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Boosting vaccination drive or opportunistic marketing? Brands offer freebies and discounts to vaccinated people

While some feel brands can help stimulate demand and urge hesitant people to get vaccinated, others say such communication is more to make the brand look good and caring, rather than actually move the needle on vaccination. Is it effective public health advocacy or opportunistic marketing? BestMediaInfo finds out

From offering small discounts to bigger savings to freebies, brands across categories are trying to woo vaccinated customers.

In an effort to encourage and support the vaccination drive against Covid-19, McDonald’s India, North and East, is running a discount offer of 20% up to Rs 250 for a minimum purchase of Rs 500.

Dish TV India has announced that it would thank its subscribers who get vaccinated by crediting a day’s worth of entertainment to every customer of DishTV and D2H who uploads his or her vaccination details on the respective websites.

Godrej & Boyce’s Godrej Security Solutions (GSS) launched special offers for customers who have taken the first dose of the Covid-9 vaccine on their range of CSIR certified UV cases and Home Lockers. Vaccinated customers are entitled to a 10% discount on these products just by connecting with the company’s sales team on their WhatsApp no- 9820247847.

Brands such as Oyo Rooms, Domino’s Pizza and Durex are also actively promoting the vaccination drive on social media to instil confidence in the masses.

As brands jump on the national effort to vaccinate people by offering freebies, loyalty points, discounts, etc., many industry experts believe such initiatives can help strengthen brand equity and loyalty.

There are two key challenges to vaccination. One is the supply side, which means not enough vaccines are available to meet the demand for vaccine awareness. The second is the demand side, which is that a fair proportion of the population is hesitating to get vaccinated.

Brands probably can’t do much to tackle the supply side until vaccine procurement opens up commercially as it is still within governmental control.

Pranesh Misra

However, brands can help stimulate demand through powerful communication and attractive offers, said Pranesh Misra, Chairman and Managing Director, Brandscapes Worldwide.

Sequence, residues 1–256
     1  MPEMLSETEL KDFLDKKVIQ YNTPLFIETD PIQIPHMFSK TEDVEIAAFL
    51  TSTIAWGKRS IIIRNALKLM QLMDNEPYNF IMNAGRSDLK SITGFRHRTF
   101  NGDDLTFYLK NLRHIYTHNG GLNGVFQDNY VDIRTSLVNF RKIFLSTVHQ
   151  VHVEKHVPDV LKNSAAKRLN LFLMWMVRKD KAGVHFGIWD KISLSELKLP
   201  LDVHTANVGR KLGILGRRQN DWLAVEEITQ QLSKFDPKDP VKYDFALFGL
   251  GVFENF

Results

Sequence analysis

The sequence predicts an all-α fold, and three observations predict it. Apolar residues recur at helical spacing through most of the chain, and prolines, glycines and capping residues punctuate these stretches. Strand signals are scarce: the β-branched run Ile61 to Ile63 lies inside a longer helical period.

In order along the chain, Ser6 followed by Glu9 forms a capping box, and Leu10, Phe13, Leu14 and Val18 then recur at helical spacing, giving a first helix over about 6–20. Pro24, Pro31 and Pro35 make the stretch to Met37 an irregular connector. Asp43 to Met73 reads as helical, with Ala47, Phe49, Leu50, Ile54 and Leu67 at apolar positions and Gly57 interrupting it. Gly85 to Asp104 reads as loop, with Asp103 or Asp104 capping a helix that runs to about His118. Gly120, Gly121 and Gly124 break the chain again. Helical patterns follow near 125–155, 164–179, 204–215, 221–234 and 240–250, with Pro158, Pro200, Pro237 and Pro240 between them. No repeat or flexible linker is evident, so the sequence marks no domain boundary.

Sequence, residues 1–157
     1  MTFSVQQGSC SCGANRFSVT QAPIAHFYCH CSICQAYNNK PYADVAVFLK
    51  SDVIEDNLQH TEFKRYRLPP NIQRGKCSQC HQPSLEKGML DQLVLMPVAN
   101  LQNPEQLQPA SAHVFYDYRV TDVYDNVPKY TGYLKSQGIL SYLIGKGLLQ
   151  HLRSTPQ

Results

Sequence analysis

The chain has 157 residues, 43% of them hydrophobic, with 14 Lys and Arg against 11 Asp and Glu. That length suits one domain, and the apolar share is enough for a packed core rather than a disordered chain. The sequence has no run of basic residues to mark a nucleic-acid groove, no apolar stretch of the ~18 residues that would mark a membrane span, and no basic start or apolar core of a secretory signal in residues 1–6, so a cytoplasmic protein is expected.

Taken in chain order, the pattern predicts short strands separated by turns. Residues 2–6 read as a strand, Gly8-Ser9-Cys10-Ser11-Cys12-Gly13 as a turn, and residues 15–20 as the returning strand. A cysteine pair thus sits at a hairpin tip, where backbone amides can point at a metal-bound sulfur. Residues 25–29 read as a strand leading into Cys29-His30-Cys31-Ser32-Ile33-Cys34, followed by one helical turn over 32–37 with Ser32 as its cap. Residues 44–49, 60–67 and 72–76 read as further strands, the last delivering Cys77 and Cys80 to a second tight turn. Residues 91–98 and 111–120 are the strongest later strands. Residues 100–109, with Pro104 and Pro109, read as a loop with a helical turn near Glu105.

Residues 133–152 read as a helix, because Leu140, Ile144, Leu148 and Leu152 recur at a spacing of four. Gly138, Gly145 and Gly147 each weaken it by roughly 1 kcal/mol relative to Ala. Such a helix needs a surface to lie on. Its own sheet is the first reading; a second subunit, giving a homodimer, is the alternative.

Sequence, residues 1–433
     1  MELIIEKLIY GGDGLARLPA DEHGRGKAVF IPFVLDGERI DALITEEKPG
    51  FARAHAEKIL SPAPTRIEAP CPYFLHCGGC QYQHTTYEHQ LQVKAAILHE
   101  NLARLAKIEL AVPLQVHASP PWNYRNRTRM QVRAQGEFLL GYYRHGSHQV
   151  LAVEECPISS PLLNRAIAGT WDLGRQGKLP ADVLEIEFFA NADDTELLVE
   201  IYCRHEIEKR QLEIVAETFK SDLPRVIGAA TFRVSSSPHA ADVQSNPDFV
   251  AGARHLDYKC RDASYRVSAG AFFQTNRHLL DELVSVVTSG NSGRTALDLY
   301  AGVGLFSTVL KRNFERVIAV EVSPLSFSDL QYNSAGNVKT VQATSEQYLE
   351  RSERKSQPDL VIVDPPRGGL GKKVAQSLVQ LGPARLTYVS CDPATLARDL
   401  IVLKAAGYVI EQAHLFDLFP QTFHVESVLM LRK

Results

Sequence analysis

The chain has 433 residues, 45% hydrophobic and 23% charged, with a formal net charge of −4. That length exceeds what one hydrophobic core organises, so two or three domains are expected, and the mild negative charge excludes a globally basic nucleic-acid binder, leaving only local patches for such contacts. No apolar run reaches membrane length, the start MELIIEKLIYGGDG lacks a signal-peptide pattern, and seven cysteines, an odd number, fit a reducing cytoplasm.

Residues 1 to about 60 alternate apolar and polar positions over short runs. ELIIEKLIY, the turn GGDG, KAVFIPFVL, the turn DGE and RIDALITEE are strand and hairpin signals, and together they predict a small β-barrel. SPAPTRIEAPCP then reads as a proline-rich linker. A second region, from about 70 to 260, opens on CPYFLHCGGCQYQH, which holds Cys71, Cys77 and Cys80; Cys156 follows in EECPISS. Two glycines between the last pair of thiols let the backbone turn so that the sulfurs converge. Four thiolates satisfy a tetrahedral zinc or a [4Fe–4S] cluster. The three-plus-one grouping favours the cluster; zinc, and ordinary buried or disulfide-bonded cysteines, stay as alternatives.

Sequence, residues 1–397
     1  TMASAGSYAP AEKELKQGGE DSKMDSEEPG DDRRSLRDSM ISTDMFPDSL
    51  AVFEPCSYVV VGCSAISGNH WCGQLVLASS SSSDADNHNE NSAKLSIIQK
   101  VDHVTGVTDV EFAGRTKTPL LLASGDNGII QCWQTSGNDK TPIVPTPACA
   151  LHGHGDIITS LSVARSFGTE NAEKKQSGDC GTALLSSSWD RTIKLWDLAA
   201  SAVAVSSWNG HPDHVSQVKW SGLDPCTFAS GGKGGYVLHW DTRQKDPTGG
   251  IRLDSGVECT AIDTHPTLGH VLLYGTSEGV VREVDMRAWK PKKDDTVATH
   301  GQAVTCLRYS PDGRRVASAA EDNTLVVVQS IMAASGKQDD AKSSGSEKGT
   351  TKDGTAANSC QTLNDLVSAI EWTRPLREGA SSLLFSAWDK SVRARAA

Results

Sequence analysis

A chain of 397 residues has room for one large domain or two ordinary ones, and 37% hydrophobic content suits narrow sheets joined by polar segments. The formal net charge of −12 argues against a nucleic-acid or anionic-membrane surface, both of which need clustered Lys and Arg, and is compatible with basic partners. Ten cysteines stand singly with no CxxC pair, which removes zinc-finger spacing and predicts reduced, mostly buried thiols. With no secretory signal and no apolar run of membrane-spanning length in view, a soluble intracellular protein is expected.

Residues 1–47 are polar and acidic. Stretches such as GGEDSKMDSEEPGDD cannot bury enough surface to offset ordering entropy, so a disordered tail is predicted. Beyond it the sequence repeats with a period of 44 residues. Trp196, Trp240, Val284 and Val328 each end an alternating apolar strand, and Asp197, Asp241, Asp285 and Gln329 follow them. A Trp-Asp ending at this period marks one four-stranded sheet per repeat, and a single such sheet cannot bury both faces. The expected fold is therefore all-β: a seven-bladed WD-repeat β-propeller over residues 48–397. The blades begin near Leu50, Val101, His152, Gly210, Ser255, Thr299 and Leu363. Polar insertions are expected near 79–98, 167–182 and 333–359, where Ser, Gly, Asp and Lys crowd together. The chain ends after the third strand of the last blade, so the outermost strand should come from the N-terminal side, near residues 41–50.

“There is fair headroom for this initiative. The US has seen companies such as Budweiser offering free beer to those who get vaccinated. These kinds of promotions can convince fence-sitters to go get the shot. More needs to be done in this space. Imagine railways and airlines giving a 5-10% discount to vaccinated travellers. Or food delivery aggregators offering an extra something to customers who have vaccination certificates,” he said.

Misra is not sure, though, to what extent this will lead to brand growth. “But credible and effective communication and promotion can help strengthen brand equity and loyalty,” he said.

Mehernosh Pithawalla, Vice-President, Godrej Security Solutions, said, “Mass vaccination is the need of the hour to protect ourselves and our families from this deadly virus. At Godrej Security Solutions, the security of our customers be it physical health or peace of mind, has been our foremost priority and hence we urge the citizens to take the vaccine and avoid being hesitant towards it.”

Anil Dua

Anil Dua, Executive Director and Group CEO, Dish TV India, seconded that one of the big ways to fight the Covid-19 battle successfully is to get vaccinated. And that is why it plans to encourage subscribers to get vaccinated by offering them an extra day of entertainment.

Jagdeep Kapoor

Brands that are rewarding consumers who have been vaccinated are doing a wonderful motivational job, said Brand Guru Jagdeep Kapoor, Founder, Chairman and MD, Samsika Marketing Consultants. They are helping people with ‘courage and encouragement’ to help overcome vaccine hesitation.

He said brands doing this will grow not only in image but also gain goodwill, credibility and sales. He advised companies to use ‘motivation for vaccination’ to help build their brands in the minds and hearts of consumers.

Why these efforts are only ‘feel-good’

Brands are always prone to scrutiny, especially when it comes to communication in these difficult times. Companies that are rewarding vaccinated customers are luring them into their businesses in one way or another, and experts term this vaccine marketing.

Misra said brands should try not to be opportunistic, but stay at the level of being committed to increasing demand for vaccination — whether or not it sells your brand.

“This authentic approach would strengthen equity. Being blatantly opportunistic would have the reverse effect,” he said.

Sandeep Goyal

Sandeep Goyal, Managing Director, Rediffusion, said a lot of such communication actually makes the brand look good and caring, rather than move the needle on vaccination.

There are many issues with vaccination, the first and foremost being non-availability. Then there is the inability of many to register digitally. There is also the issue of affordability. And none of the campaigns addresses these key issues, he said.

“They are mostly creative that ‘feel good’,” he added.

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